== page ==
JOHANNESBURG (miningweekly.com) – Gold producer DRDGold on Tuesday expressed disappointment that the Bench Marks Foundation (BMF) had not engaged with the company when compiling its latest report ‘Waiting to Inhale’.
The report found that communities living near Johannesburg’s mine dumps are at greater risk of respiratory illnesses than those of the city’s northern suburbs.
The report focusses on the communities of Riverlea, Diepkloof, Meadowlands and Doornkop, all of which are situated close to one of the most intensely mined areas in the world.
It suggests, among other things, that all mine dumps should be fenced and signposted and notes that wind-blown dust frequently exceeds limits and that dust buckets are not the most modern, effective way of measuring dust fall-out.
“The research found that many residents of Riverlea, for example, are living on oxygen machines. The residents believe that dust from the nearby Mooifontein mine dump is contributing to the poor air quality that they experience, especially on windy days,” BMF said in a statement.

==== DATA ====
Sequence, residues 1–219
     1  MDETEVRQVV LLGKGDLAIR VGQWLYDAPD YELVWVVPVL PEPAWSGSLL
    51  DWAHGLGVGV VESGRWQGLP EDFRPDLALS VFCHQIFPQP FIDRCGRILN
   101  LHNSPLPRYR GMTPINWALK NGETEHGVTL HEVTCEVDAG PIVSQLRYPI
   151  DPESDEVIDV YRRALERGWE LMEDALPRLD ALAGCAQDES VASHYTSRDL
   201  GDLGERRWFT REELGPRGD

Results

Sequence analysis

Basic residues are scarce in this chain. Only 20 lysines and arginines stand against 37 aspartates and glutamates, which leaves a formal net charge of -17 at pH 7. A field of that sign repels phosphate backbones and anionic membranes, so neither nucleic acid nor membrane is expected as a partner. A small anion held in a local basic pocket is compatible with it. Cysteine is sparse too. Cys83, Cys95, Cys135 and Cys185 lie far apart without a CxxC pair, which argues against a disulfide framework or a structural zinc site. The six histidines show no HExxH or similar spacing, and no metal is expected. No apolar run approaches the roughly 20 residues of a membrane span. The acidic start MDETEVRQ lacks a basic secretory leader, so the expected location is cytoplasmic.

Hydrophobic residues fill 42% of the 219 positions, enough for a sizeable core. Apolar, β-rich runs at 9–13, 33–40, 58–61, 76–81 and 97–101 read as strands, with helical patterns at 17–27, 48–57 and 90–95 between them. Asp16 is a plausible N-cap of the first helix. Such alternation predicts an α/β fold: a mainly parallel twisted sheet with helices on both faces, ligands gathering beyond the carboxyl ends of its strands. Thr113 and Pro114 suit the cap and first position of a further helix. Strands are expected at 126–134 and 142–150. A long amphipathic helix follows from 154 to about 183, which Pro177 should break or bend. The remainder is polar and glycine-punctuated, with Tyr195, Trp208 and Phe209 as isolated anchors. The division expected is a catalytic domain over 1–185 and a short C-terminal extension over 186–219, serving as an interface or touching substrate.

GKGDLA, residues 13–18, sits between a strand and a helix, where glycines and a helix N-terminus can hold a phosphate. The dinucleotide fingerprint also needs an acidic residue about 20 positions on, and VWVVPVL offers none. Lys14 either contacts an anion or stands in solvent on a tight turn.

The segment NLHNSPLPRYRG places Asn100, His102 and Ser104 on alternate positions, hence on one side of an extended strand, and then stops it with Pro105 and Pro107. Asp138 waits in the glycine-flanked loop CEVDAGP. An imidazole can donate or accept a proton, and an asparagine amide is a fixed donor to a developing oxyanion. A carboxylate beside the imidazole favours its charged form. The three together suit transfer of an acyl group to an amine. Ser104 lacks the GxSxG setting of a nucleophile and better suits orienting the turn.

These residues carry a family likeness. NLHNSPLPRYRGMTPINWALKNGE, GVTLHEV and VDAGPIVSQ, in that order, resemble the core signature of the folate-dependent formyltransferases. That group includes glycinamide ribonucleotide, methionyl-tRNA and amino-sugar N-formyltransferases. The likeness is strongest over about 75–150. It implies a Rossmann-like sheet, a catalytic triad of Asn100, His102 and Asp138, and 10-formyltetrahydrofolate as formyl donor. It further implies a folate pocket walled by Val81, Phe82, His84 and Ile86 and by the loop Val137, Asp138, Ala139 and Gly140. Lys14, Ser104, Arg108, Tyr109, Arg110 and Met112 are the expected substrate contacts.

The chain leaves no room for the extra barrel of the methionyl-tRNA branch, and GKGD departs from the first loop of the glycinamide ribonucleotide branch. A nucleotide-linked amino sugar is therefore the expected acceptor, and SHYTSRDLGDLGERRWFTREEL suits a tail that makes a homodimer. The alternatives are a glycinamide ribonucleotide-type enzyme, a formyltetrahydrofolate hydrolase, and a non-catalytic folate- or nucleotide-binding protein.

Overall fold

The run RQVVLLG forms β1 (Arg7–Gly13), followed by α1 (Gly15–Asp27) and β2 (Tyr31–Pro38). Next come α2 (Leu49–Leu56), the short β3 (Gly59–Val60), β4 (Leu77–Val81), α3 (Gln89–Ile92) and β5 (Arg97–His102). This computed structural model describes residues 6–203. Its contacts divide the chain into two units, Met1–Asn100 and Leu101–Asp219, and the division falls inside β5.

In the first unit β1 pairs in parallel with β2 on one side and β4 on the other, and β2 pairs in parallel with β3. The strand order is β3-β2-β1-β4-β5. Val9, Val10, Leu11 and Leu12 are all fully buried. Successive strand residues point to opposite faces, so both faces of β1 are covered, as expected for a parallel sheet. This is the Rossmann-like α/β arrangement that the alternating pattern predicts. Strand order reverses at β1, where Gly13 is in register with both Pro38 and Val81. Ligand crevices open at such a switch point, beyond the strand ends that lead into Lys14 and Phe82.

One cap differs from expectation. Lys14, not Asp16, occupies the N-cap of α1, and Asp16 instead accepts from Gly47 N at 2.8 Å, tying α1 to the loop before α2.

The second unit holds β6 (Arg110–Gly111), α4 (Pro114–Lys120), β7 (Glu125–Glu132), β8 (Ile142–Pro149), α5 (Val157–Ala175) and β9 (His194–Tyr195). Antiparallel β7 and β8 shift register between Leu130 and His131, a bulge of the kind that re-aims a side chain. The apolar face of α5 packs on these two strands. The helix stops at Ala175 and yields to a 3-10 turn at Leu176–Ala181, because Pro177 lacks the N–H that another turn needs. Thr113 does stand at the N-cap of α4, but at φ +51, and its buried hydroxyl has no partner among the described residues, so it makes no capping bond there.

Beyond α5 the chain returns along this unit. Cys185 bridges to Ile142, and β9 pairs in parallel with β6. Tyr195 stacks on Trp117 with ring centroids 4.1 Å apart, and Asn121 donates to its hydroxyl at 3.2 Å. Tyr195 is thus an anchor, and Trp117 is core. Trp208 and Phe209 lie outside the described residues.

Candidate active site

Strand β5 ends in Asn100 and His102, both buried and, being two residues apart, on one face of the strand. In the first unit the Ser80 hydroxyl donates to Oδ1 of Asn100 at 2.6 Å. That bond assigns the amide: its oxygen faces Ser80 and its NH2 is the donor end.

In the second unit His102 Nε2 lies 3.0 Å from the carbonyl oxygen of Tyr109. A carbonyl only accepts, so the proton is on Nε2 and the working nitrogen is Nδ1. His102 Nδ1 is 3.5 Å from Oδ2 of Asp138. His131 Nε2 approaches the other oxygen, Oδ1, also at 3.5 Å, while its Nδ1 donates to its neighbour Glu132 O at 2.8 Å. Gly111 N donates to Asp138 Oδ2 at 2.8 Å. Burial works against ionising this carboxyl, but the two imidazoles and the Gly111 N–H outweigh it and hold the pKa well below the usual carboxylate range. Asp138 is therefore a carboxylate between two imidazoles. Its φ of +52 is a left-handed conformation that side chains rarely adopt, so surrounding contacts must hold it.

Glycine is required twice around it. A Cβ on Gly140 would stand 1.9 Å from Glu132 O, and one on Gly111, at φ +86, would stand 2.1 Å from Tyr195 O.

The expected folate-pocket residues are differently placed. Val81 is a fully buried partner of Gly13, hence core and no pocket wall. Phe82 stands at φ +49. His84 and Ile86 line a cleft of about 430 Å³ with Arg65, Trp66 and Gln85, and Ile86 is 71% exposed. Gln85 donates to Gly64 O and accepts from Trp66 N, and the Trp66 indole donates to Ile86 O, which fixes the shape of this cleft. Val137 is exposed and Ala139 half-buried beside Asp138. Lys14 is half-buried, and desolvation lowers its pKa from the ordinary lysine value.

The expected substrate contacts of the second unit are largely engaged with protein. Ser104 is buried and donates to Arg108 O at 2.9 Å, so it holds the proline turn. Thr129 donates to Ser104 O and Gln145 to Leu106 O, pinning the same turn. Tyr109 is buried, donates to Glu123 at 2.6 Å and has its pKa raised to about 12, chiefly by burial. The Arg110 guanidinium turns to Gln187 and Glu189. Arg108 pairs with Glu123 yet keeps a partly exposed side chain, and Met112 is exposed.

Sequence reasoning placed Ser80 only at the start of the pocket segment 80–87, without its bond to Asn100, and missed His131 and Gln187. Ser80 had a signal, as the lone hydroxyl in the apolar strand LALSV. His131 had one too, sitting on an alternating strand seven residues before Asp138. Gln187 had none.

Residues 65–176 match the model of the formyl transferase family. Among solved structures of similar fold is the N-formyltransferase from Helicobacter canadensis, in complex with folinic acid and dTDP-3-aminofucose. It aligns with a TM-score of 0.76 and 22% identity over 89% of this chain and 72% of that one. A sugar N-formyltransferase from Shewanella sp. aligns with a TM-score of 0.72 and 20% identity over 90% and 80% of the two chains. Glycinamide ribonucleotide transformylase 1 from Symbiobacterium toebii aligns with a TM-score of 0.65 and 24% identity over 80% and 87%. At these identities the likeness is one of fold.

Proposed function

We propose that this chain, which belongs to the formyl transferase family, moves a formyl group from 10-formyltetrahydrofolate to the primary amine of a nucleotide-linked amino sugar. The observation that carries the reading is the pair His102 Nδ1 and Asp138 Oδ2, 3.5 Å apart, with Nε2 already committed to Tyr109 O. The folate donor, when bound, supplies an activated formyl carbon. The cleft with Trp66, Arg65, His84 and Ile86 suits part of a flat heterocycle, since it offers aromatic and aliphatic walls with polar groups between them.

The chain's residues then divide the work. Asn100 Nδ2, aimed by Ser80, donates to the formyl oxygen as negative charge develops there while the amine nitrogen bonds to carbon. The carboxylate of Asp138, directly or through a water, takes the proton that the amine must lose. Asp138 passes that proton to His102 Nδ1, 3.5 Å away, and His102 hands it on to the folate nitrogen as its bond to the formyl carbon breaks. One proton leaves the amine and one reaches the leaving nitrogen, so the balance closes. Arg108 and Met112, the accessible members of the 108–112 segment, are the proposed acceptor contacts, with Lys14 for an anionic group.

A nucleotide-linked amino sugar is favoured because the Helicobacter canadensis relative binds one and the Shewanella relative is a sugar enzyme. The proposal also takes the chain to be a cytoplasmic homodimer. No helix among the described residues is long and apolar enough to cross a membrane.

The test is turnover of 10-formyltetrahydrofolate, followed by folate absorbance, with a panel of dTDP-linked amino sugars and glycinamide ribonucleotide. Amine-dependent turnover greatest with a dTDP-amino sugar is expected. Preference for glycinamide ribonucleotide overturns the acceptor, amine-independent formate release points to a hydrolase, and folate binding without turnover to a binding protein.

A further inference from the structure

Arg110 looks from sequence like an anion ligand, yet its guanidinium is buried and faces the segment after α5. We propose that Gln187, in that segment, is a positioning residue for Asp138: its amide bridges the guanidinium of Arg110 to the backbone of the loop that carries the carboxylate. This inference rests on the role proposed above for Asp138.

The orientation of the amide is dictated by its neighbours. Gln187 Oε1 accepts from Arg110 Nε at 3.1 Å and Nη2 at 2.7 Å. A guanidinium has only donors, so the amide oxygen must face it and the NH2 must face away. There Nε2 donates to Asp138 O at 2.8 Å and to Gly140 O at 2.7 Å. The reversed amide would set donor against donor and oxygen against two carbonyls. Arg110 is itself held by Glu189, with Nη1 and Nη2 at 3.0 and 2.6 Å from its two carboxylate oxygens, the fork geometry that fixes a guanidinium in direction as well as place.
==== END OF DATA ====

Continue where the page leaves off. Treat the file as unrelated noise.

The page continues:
BMF, however, said it would require a proper epidemiological study to determine a direct correlation between tailings dust and respiratory problems in these communities, such as blood tests, to determine the presence or otherwise of toxic substances that might also be present in the mine waste.
“Unfortunately, we do not have capacity of technology to carry out such a study,” it noted.
DRDGold said it was concerned by the lack of independent, credible research in support of the allegations levelled by the BMF against DRDGold’s operating footprint and the effect it has on surrounding communities.
The gold producer said its aim was to improve the quality of life of those living within its areas of influence.
“This means that, in addition to investments we make in social and economic capital, we seek to preserve, protect and even improve the state of the footprint on which we operate to also yield a nature dividend.”
The company noted that every mine dump had either been fenced off or signposts were clearly displayed.
In response to the BMF’s allegation that windblown dust frequently exceeds limits, DRDGold said its operations were well contained and posed no health risk and negligible public nuisance.
“Our progress in reducing dust is directly attributable to the success of our systematic vegetation programme. In six years, we have vegetated a total of 244 ha at the Crown Tailings Complex and expect to complete the programme by 2022.
The gold producer added that it had rehabilitated and vegetated dumps at a cost of hundreds of millions of rands in the last ten years, which has brought about a very significant decline in dust emissions from these dumps.